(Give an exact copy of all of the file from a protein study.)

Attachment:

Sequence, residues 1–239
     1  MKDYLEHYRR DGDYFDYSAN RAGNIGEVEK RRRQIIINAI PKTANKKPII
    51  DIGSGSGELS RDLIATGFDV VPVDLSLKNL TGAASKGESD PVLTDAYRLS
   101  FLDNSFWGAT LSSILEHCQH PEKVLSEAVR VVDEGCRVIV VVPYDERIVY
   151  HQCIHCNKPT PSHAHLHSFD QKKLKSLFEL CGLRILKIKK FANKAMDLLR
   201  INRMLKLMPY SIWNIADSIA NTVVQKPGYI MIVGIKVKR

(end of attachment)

Sequence, residues 1–239
     1  MKDYLEHYRR DGDYFDYSAN RAGNIGEVEK RRRQIIINAI PKTANKKPII
    51  DIGSGSGELS RDLIATGFDV VPVDLSLKNL TGAASKGESD PVLTDAYRLS
   101  FLDNSFWGAT LSSILEHCQH PEKVLSEAVR VVDEGCRVIV VVPYDERIVY
   151  HQCIHCNKPT PSHAHLHSFD QKKLKSLFEL CGLRILKIKK FANKAMDLLR
   201  INRMLKLMPY SIWNIADSIA NTVVQKPGYI MIVGIKVKR